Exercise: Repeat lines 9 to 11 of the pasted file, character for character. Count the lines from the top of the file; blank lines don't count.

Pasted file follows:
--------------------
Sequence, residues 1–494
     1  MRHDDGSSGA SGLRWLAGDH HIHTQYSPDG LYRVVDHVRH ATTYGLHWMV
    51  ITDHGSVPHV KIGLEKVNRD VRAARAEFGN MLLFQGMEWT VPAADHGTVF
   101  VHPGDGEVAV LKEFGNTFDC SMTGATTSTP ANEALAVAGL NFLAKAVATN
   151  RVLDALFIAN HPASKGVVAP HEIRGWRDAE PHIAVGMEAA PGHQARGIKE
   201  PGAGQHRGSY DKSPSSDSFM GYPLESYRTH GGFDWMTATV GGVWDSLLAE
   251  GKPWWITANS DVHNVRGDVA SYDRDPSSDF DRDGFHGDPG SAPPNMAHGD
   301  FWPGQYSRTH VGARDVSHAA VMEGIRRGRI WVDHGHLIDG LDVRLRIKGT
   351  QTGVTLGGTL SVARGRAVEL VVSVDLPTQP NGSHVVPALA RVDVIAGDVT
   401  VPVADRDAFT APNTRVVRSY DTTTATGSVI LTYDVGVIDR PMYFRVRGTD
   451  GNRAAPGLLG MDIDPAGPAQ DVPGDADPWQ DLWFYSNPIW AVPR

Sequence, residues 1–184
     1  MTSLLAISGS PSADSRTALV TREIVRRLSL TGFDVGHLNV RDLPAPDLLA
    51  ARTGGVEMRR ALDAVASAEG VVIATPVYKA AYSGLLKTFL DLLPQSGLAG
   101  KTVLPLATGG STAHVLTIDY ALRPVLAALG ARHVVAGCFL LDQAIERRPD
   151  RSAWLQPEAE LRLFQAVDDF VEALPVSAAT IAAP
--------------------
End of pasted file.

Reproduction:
   351  QTGVTLGGTL SVARGRAVEL VVSVDLPTQP NGSHVVPALA RVDVIAGDVT
   401  VPVADRDAFT APNTRVVRSY DTTTATGSVI LTYDVGVIDR PMYFRVRGTD
   451  GNRAAPGLLG MDIDPAGPAQ DVPGDADPWQ DLWFYSNPIW AVPR